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  1. #1
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    How do you operate Shimano STI shifters?

    This is my first mountain bike, a 1990's Trek 830 Antelope. Up to this point I've only worked on older road bikes with friction shifting. The rebuild is going well, but I am clueless how these Shimano STI shifters work with 4 levers. Would someone be so kind to fill me in why 4 levers and how do they work?
    Many, many thanks.
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    Senior Member Yellowbeard's Avatar
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    One grey lever upshifts, the other grey lever downshifts. Push 'em.
    I'll eat it first.

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    The above advice is good. More specifically, the larger bottom lever increases cable tension (unless you have a bottom pull front derailleur, that would give higher gears in the front, lower gears in back), and the top leaver releases cable tension. Being indexed, cable adjustment is really twitchy, so you'll probably have to spend some time playing with the barrels to make them work in all gears. Make sure you're using shifter housing and don't have any kinks in the cable, or it'll never work properly.

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    Quote Originally Posted by neil View Post
    the larger bottom lever increases cable tension (unless you have a bottom pull front derailleur, that would give higher gears in the front, lower gears in back), and the top leaver releases cable tension.
    This is incorrect - all modern front derailleurs (since at least the ~early 80s, AFAIK) operate on a 'pull-cable-to-go-to-higher-gear/release-cable-to-go-to-lower-gear' system, regardless of top or bottom pull.

    In general, rear derailleurs work in the opposite direction - pull the cable into an easier gear and release cable into harder gear.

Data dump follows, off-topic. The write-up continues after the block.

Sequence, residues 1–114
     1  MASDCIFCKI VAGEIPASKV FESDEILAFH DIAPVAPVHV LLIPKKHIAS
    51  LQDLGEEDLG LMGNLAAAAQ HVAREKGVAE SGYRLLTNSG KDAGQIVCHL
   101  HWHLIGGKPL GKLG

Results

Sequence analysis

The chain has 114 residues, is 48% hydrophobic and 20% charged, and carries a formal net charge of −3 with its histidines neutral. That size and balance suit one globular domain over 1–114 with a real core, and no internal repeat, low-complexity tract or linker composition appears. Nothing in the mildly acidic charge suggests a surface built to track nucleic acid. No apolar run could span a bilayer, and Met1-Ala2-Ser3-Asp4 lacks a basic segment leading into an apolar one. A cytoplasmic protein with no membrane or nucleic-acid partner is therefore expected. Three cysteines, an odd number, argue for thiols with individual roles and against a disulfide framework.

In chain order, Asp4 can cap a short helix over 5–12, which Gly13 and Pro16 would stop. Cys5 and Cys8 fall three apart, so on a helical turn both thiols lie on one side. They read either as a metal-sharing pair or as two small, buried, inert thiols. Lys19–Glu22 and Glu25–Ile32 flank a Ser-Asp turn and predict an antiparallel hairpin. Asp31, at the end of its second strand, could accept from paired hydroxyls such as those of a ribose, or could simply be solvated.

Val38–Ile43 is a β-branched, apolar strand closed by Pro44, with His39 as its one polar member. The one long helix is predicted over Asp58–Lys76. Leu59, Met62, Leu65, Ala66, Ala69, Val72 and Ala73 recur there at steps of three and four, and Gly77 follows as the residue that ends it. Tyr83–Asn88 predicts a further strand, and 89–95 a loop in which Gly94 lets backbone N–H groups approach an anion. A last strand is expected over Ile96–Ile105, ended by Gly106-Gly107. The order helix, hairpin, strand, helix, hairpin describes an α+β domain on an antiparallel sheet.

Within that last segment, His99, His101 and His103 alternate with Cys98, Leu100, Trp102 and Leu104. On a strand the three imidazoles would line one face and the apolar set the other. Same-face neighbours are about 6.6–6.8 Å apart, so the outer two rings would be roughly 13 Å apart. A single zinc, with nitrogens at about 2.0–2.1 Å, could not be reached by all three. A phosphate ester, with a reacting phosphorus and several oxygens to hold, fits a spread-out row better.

Some rear derailleurs introduced in the mid 90s (RapidRise or "Low Normal") work opposite from that, but they are a little less common.

  5. #5
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    Thanks for the help! Rear derailleur and shifters work perfectly, but front is stuck because of a kink in the cable housing. Should be a straight-forward fix.

  6. #6
    Senior Member BigBlueToe's Avatar
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    You'll figure it out in 2 minutes. I had the same concern with my new brifters on my road bike. I figured it out in 2 minutes. I love both types of shifters!

  7. #7
    Elitist Troglodyte DMF's Avatar
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    Quote Originally Posted by Yellowbeard View Post
    One grey lever upshifts, the other grey lever downshifts. Push 'em.
    But don't push them unless you're pedaling.
    Stupidity got us into this mess - why can't it get us out?

    - Will Rogers

  8. #8
    erk
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    Quote Originally Posted by DMF View Post
    But don't push them unless you're pedaling.
    why not? it won't do anything bad to the drivetrain; the chain will just hop to wherever you shifted to the next time you start pedaling.

  9. #9
    headtube. zzyzx_xyzzy's Avatar
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    Quote Originally Posted by erk View Post
    why not? it won't do anything bad to the drivetrain; the chain will just hop to wherever you shifted to the next time you start pedaling.
    Safe to use the top button (release cable tension). Not so safe to pull the cables (bottom button.)

    The Exage rear derailleur that might have come with these shifters had a spring loaded lever which allowed you to pull the cable even when the derailleur was jammed against the chain.

    The front doesn't have such a lever, and in general most derailleurs don't have that device, and you could make the cable slip, damage the shifter internals, or bend the front derailleur cage, if you tried shifting more than one gear without the chain moving.

    A technique to learn is how to change gears while you're stopped. You hold the front brake, push forward on the bars to lift the rear wheel, and spin the pedals around while you shift.

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